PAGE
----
*This post is the first in a series on the new ad campaign from Summer’s Eve.
Recently I was made aware of the newest ad campaign for the Summer’s Eve feminine products line, entitled “Hail to the V.” I learned about this campaign after a female family member called me to tell me about the “offensive” ad she had just seen with her husband; she asked if I, the “resident feminist” of the family, also found the campaign offensive. (I do.)
The commercial shows us a series of supposedly powerful women through time–a Cro-Magnon woman holding a baby, a Cleopatra figure standing before a cheering crowd, an Asian woman watching two men fighting for her, and a Medeival-era princess character overseeing a joust. The Carmina Burana-esque music tells the viewer this is an epic–a tale of events that have occurred throughout history. The following is the full text:
“It’s the cradle of life. It’s the center of civilization. Over the ages, and throughout the world, men have fought for it, battled for it, even died for it. One might say it’s the most powerful thing on Earth. So come ladies, show it a little love! Cleansing washing cloths from Summer’s Eve: Hail to the V.”
What is this thing that men are willing to kill for? Vagina.
According to a statement by Angela Bryant, the director of feminine care for Summer’s Eve, the campaign is about “empowerment, changing the way women may think of the brand, and removing longstanding stigmas: Summer’s Eve is not a means to confidence, rather it’s a celebration of confidence, of being a woman, and taking care of their bodies.” Bryant is speaking here of the full campaign, which includes print ads, this television spot, and a website accessible here. (I should note that some of the problems discussed regarding the television ad are handled more satisfyingly by the website; I will discuss this in my next blog post.) Bryant is right to identify the stigmas associated with female genitalia–in many cultures it is considered taboo to talk about female genitalia, sexual pleasure, and menstruation. The silence surrounding the vagina leads to its mystification–it is foreign, unknown, unthinkable.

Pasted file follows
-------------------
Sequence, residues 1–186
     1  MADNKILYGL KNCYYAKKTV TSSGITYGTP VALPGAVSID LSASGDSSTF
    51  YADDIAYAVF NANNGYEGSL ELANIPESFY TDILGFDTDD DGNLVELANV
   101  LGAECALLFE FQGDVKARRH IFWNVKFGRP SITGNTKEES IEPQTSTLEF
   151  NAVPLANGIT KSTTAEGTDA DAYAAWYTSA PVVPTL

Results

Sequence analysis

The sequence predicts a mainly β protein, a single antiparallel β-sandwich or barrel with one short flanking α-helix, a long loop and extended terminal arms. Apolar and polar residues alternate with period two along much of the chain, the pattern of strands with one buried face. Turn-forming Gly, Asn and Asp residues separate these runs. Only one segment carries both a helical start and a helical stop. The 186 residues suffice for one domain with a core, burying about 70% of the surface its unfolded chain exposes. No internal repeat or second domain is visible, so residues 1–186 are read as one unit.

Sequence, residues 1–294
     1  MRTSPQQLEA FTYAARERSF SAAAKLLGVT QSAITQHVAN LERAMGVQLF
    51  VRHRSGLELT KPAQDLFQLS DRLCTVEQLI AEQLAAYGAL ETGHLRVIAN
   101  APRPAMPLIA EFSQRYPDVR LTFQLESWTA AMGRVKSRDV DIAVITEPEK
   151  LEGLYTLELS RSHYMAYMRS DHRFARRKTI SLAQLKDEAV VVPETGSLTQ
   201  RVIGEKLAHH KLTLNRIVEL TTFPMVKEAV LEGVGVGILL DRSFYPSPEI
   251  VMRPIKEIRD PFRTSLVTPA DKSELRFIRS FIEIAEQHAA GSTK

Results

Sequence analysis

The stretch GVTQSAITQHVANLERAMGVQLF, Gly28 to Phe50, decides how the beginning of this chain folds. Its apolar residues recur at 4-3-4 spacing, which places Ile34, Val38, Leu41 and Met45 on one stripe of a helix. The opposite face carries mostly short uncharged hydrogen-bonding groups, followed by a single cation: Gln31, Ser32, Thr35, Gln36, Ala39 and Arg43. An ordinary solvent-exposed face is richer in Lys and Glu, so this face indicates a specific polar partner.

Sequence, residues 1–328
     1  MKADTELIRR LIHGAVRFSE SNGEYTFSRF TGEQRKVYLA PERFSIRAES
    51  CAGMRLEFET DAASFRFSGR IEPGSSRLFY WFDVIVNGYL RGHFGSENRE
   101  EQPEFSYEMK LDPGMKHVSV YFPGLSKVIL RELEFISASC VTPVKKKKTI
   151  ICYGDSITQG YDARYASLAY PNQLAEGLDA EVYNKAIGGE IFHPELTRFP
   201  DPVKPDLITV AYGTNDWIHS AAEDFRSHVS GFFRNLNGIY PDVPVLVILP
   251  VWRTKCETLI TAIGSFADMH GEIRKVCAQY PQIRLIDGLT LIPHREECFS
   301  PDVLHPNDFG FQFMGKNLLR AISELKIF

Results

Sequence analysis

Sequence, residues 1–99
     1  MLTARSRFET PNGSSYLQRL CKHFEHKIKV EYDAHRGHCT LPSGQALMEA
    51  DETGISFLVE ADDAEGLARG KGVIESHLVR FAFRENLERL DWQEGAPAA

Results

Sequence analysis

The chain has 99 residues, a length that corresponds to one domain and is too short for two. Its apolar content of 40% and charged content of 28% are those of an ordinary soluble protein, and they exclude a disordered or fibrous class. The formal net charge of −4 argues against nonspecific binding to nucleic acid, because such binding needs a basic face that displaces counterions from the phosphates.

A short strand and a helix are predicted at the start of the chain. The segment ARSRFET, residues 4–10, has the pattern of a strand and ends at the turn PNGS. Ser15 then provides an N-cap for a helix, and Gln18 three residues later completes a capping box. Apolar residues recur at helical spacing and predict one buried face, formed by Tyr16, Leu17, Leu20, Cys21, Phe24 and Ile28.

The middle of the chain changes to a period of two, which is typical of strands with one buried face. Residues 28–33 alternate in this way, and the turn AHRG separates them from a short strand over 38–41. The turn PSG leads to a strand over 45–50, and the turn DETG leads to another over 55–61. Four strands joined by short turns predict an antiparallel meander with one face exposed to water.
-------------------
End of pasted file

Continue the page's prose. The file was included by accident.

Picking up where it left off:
In theory, speaking about the pleasure and power of the vagina can mitigate its taboo-ness. Simply speaking about the taboo is not helpful, however, when the words spoken are not chosen carefully. Though you could argue that the obvious confidence of the women depicted represents a rejection of “longstanding stigmas,” the message of “empowerment” is depleted by the commercials obvious reinforcement of the mystification of the woman and female genitalia. The tagline “Hail to the V” asks the viewer to essentially worship the vagina, an idea that is certainly prevalent in popular culture (I’m reminded of a scene in The 40 Year Old Virgin when the title character is told he is “putting the pussy on a pedestal.”) While I’m certainly not offended by the idea of appreciating a woman, I do take offense to the ideas that 1) she should be appreciated for her genitalia, specifically, and 2) her genitalia should be worshiped as this unknowable “it”. By centering on the vagina itself, the sense of the whole woman is lost; it is not the woman who is “the most powerful thing on Earth,” but merely her sexual organ. The women depicted are devoid of strength, personality–indeed, personhood–and are represented merely as bearers of powerful sex organs.
There’s something inherently, well, icky about the whole thing. The women in this commercial are celebrating the fact that their vaginas are apparently so incredible that men will kill each other for…what exactly? The beauty of the vagina? Its ability to create life? Or, more likely, the chance to have sex with it? After all, the commercial isn’t really selling the power of “it,” but of what “it” can do. What Summer’s Eve is really saying is that men have been fighting over the chance to have sex with pretty women’s vaginas for centuries. The vagina–and therefore the woman it represents–derives its power from the woman’s refusal or acceptance of a male sexual partner. Not a particularly empowering sentiment, is it?
And can we talk about the fact that all of the men in this commercial are trying to prove their right to access our vaginas by attacking each other with giant phalluses? Or the implication that women will grant access to their vaginas to men who successfully kill the other men vying for access rights? Is this, as Summer’s Eve wants us to believe, woman power?
No thanks, Summer’s Eve–I prefer using my vagina for good.